Bees

Pollinators - India

 

ORDER: Hymenoptera

FAMILY: Apidae

Bees are primary pollinators and are responsible for almost 60% of the pollination that takes place. This family includes the truly social honeybees, solitary and kleptoparasitic bees (parasitizing other bee nests by laying their eggs in host bee nests). The social honey bees are well known as pollinators as they produce the important forest product, honey. Solitary bees like digger bees, carpenter bees and other uncommon social bees like the bumble bees also play crucial roles in pollination.

 

Apis cerana
Common name: Asian honeybee

This is a commonly sighted social bee and an excellent pollinator of crops including: spice crops, fruits, nuts, oilseeds, cauliflower, okra, and onion. It has 8 subspecies. In some situations, Apis cerana is considered to be a superior pollinator compared to Apis mellifera.

Nesting Habits: In natural settings, nests in cavities where multiple combs are found. The Apis cerana is domesticated and hence also flourishes in man-made hives such as containers/boxes.

 

Apis florea
Common name: Little honeybee

It is one of two smallest honeybees found in Southeast Asia. These honey bees are important pollinators and therefore commodified in countries like Cambodia.

 

Source: http://eol.org/pages/2754888/overview
                 Suwannapong, Guntima, Mark Eric, and James C Nieh. Biology of Thai Honeybees : Natural History and Threats. N.p., 2011. Print.

 

Apis dorsata
Common name:  Giant Rock Honeybee

These social bees are known for their aggressive defense strategies and vicious behavior when disturbed. Indigenous peoples have traditionally used this species as a source of honey and beeswax, a practice known as honey hunting. As a colony is initiated, the migration depends on foraging resources and predation risks. These bees travel to different sites depending on the blooming season of flowers. There are about 100,000 members in each colony and each colony resides in one nesting site for about 3–4 months at a time. Colonies tend to decline when resources, such as food, honey, and pollen, are depleted. Colonies decline during the rainy and summer seasons because of the instability of foraging sources due to climate change.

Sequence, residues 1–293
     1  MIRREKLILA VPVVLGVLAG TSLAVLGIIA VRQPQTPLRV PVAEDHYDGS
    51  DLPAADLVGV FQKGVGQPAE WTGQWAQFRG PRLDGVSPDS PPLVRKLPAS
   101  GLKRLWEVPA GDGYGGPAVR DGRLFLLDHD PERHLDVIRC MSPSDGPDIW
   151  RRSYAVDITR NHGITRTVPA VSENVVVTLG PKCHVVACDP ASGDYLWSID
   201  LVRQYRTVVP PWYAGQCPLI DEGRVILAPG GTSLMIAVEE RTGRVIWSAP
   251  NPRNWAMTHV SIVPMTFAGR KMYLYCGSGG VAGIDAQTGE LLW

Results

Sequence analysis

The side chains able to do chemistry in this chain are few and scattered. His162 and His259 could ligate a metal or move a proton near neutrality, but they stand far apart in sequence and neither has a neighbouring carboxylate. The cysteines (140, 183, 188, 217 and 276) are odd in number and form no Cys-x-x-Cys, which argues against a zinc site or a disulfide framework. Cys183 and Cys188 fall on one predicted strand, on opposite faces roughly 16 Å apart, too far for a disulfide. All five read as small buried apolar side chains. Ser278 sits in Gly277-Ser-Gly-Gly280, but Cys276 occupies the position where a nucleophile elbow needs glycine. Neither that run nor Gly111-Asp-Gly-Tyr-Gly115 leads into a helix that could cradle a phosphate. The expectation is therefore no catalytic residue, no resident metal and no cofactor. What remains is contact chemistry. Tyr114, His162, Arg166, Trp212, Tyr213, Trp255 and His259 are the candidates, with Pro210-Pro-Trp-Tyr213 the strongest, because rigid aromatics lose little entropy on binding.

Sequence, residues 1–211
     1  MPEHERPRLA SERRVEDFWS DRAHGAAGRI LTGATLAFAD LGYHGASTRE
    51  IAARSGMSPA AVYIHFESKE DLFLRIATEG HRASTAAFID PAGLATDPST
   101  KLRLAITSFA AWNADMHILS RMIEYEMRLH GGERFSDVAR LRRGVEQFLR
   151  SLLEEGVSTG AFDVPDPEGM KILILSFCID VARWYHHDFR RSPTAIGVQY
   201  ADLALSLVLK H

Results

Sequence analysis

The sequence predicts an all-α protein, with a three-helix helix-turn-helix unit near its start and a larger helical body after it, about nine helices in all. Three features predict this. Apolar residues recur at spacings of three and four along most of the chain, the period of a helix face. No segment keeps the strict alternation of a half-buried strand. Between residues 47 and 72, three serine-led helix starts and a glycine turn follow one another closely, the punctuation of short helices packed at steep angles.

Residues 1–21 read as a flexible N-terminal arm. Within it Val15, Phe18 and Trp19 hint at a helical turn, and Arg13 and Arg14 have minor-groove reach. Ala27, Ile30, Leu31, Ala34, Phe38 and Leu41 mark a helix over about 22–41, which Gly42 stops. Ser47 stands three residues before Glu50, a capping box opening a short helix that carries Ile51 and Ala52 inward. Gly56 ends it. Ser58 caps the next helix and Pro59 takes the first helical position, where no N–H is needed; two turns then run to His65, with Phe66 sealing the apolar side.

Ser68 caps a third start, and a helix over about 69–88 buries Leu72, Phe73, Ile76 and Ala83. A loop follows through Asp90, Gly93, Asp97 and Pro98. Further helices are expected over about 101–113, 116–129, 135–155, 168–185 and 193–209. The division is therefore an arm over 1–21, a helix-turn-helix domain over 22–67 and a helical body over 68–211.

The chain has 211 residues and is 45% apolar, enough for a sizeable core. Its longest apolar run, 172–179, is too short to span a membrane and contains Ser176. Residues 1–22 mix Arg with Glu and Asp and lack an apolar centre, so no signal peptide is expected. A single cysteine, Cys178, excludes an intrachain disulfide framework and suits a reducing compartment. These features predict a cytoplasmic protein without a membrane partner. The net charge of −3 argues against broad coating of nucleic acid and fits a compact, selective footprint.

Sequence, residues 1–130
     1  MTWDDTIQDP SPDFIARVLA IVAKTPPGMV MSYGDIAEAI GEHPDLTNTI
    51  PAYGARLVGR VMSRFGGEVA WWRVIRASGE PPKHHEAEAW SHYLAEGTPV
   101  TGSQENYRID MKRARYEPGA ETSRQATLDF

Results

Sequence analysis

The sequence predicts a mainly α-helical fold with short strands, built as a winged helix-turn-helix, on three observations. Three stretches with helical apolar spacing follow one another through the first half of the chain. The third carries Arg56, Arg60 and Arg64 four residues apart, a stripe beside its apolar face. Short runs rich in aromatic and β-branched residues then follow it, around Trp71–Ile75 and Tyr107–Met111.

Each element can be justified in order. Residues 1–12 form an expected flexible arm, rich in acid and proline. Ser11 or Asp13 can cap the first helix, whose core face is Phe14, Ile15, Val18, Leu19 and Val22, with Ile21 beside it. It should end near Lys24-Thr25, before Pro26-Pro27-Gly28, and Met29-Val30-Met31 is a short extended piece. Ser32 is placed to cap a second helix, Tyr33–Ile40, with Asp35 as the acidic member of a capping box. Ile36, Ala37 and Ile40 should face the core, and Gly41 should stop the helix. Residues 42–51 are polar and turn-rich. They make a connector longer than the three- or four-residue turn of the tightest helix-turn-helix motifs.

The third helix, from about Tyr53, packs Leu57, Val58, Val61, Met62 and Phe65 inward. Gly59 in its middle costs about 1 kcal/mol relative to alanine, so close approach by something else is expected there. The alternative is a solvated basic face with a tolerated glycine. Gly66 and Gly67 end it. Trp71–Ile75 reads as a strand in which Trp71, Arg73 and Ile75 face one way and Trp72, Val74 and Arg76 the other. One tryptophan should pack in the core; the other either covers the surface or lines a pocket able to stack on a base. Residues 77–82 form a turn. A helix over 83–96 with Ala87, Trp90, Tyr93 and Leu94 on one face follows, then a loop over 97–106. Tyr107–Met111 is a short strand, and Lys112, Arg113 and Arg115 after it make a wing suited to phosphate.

Nesting habits: A colony is generally seen occupying a single comb, high up on the undersides of cliffs or on tall trees. One to many combs may be found at one location.

Sources:
1.  Starr, Christoper (1987). “Nest-site Preferences of the Giant Honey Bee, Apis dorsata (Hymeoptera:Apidae), in Borneo”.
2.  Pan-Pacific Entomologist (63): 37–42.)
3.  Raghunandan, K.S. (2013). “Colony status of Asian giant honeybee, Apis dorsata Fabricius in Southern Karnataka, India”.African Journal of Agricultural Research 8: 680–689.

 

Tetragonula iridipennis
Common name: Indian stingless bee

This is a tropical stingless bee species belonging to the complex genus Tetragonula with about 30 species in India. They are active nectar foragers, and thus are important as pollinators. Tetragonula honey is considered to be of medicinal value. For centuries, colonies of T. iridipennis have been kept in objects such as clay pots so that their highly prized medicinal honey can be utilized. T. iridipennis pollinates from many herbal plants such as the coco palm and the jackfruit tree. They also collect sap from tree species such as Cycas sphaerica. Seven species are reported from India in this threatened taxa.